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When we bought the house, it had an open fireplace and a very old
Vulcan gas-fired wall heater. We kept the Vulcan unit to take the chill
off the kitchen in the mornings, but fitted a Coonara slow-combustion
wood stove into the fireplace. It needed a fan to push the warm air
into the room but worked very efficiently. This was our main heat
source in winter until we extended.
When we extended the house, we fitted a standalone wood heater (a Norseman Tilefire) in the new living room. This allowed air to circulate around a firebox and thus didn't need a fan. We also got radiant heating from the exposed flue. This became our main heat source for the house. This does mean that we get a temperature gradient across the house, but (in Melbourne at least) bedrooms don't need heating. Dawn has a small efficient electric strip heater under her desk which keeps her warm enough in her study on cold winter days (and which runs off the photovoltaic electricity panels on the roof during the day in anycase).
We purchased firewood once (in 1987). Since then all our heating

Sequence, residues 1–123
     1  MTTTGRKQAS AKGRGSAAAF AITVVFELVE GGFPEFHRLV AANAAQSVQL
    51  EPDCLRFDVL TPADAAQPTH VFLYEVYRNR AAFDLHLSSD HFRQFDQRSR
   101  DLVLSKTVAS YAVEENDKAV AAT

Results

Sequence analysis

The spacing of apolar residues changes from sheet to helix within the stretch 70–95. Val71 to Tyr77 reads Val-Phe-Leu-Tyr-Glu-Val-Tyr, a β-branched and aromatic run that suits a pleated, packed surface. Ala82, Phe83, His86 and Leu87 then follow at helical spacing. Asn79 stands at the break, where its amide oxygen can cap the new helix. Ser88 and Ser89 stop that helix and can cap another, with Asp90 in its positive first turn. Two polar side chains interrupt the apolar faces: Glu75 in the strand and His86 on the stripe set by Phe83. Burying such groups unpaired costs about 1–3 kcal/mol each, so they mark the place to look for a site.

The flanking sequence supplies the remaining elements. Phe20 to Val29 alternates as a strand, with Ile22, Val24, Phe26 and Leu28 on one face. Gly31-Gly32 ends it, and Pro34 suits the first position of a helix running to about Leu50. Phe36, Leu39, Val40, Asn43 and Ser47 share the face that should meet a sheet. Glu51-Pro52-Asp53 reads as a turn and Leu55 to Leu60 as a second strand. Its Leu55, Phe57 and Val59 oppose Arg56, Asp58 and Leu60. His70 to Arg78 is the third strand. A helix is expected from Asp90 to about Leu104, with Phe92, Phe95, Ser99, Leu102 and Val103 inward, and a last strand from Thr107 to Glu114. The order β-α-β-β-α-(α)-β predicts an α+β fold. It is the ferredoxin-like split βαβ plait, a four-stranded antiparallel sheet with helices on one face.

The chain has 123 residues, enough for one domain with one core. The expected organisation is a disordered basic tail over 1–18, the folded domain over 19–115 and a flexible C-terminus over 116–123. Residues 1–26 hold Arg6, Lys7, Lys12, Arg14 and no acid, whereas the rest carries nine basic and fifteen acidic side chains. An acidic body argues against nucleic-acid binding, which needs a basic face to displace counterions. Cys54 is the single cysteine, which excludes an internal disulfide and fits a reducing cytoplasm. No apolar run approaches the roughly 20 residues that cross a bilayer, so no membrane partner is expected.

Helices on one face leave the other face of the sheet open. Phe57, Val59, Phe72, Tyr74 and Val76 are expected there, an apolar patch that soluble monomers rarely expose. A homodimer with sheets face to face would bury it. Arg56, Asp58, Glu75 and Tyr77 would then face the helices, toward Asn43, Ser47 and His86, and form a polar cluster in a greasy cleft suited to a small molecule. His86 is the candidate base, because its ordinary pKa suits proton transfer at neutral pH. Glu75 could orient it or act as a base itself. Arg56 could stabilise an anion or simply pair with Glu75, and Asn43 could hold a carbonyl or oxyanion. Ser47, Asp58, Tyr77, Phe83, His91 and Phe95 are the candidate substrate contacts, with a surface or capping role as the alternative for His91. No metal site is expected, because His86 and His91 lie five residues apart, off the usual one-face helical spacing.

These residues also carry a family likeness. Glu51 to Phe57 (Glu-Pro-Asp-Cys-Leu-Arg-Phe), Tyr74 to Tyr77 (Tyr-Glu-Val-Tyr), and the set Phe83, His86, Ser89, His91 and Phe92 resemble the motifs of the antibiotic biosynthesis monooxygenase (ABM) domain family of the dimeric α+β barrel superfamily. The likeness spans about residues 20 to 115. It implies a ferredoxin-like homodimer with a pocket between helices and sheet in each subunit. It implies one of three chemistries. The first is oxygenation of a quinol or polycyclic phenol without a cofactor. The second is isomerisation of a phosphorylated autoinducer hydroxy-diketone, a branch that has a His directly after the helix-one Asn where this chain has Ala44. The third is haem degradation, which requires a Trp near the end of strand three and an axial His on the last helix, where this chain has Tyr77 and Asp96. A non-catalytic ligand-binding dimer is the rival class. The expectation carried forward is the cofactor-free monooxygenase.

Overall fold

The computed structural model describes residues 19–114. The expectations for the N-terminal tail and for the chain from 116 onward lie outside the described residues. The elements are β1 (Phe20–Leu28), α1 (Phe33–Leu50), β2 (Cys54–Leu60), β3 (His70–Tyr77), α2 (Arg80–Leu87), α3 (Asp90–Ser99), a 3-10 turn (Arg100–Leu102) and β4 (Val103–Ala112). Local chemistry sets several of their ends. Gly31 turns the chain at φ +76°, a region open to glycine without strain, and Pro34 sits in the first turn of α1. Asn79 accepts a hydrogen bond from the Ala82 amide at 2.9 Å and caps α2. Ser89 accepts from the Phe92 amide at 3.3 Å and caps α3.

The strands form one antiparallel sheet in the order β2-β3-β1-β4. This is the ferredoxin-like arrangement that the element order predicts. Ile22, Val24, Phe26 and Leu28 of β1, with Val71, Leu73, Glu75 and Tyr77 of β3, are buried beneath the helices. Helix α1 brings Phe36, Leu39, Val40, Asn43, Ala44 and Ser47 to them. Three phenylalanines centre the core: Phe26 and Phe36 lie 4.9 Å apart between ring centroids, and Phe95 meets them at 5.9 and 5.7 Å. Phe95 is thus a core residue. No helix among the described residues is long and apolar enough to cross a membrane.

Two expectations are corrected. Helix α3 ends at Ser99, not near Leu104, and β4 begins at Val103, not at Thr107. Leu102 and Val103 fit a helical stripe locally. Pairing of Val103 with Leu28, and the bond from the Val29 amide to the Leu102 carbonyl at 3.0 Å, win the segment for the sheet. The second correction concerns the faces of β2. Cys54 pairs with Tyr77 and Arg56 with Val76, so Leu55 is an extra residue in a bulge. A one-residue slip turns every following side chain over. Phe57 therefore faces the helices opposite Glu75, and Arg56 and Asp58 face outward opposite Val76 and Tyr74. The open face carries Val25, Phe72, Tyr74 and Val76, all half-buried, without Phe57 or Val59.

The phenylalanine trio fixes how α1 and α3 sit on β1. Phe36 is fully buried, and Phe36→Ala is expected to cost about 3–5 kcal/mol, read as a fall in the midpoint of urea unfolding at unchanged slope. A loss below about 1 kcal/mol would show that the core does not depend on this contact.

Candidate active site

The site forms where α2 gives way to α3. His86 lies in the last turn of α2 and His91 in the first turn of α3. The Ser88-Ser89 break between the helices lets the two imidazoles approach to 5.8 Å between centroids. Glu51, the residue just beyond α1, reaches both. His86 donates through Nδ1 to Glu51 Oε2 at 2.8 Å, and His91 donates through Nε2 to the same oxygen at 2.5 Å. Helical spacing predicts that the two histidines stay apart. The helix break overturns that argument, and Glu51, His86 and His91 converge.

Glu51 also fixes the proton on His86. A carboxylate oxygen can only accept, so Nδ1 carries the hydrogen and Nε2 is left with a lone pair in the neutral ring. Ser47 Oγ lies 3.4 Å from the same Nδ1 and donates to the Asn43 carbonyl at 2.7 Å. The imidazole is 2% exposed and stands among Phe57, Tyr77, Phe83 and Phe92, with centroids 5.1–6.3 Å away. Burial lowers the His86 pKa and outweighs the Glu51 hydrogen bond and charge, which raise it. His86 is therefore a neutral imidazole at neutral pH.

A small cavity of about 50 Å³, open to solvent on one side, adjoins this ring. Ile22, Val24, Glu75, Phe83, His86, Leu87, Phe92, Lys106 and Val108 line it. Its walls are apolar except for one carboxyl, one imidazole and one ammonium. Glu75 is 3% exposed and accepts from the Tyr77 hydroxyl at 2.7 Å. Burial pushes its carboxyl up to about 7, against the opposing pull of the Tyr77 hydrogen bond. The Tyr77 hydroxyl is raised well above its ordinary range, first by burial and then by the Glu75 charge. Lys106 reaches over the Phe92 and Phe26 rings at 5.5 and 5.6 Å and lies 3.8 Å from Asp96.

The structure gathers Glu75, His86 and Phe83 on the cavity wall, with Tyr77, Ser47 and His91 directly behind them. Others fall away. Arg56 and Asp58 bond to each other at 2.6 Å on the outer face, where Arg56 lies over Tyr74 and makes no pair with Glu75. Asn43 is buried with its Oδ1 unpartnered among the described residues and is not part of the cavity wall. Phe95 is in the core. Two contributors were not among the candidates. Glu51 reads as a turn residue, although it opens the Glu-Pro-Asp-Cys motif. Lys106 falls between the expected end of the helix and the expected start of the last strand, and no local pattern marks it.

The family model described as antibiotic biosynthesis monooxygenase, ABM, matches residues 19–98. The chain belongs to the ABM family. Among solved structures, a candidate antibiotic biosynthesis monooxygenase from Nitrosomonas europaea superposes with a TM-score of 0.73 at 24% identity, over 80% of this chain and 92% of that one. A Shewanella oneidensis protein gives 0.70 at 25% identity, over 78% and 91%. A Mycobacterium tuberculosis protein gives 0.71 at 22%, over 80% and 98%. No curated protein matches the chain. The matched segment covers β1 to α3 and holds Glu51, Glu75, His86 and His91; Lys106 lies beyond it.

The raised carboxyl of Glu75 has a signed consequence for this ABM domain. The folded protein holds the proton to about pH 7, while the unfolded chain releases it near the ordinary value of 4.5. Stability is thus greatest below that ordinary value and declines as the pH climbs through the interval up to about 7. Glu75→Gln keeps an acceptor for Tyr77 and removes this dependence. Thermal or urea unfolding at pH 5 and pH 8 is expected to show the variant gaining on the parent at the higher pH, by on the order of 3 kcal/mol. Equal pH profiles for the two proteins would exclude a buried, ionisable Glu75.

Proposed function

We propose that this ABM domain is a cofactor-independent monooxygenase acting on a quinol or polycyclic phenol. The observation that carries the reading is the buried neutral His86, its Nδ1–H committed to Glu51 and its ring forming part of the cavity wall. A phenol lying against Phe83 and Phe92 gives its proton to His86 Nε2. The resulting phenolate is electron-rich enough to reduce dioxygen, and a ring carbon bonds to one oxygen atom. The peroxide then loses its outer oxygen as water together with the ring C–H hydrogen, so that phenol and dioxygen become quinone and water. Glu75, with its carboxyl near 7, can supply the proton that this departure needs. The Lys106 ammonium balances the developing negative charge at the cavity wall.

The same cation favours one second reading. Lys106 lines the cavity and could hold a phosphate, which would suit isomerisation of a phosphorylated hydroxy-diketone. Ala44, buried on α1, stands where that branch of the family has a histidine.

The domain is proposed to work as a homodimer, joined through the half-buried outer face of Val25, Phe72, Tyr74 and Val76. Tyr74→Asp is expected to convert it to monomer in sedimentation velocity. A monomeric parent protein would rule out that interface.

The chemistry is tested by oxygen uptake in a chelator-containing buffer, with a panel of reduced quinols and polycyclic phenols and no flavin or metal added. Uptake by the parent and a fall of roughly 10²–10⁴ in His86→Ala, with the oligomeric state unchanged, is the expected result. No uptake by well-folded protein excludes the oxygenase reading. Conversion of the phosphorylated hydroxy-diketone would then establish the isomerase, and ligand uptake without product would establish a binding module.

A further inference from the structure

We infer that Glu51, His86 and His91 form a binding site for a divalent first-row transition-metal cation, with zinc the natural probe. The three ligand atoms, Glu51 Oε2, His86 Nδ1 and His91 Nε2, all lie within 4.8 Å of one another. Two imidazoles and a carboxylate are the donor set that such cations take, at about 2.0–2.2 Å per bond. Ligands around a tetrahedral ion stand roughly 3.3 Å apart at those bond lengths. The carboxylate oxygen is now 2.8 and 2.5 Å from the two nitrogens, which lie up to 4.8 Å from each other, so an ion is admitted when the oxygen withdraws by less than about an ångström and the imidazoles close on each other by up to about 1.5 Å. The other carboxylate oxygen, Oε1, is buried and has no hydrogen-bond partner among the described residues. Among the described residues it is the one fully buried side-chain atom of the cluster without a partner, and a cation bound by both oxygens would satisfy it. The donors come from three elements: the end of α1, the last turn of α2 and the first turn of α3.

needs have been met by scavenging firewood from local tree removals,
fence replacements and six-monthly hard waste collections. We like to
run about two years ahead of our needs to allow the wood to dry out
thoroughly, and Andrew built a new woodshed in 2007 to allow for one
shed for long-term storage and another for use in the coming winter.
The rationale for burning wood as a heat source is that it is a
renewable resource, and would otherwise end up in landfill producing
methane (which is a 20 times worse greenhouse gas than carbon dioxide). In addition, because the slow-combustion heater can be shut right down overnight, I am using it as a source of incidental biochar. This appears to be having a good effect on the vegetable garden.
In 2009 we removed the Vulcan gas unit (which consumed a finite resource)
and replaced it with a reverse-cycle air-conditioner. We mostly use this as a heat source, only running it as a cooler (see separate cooling page) on particularly hot days, using the photovoltaic electricity panels on the roof.
I don't think that we would have done anything different - we are
pretty happy with how our decisions have worked out. Having the fire in
winter is a huge part of our quality of life.
At some point, the existing Norseman Tilefire slow-combustion heater will need to get
replaced. Fortunately, although it is nearly 20 years old, we can still
source spare parts (baffle plate, handles, secondary air tubes) for it.
Eventually we would like to move to one of the more modern
super-efficient units that are now available. Unless climate change
means we no longer need a fire, of course...
©Andrew Treloar, 2015. W: http://andrew.treloar.net/ E: firstname.lastname@example.org
Last modified:Monday, 18-Sep-2017 03:25:27 AEST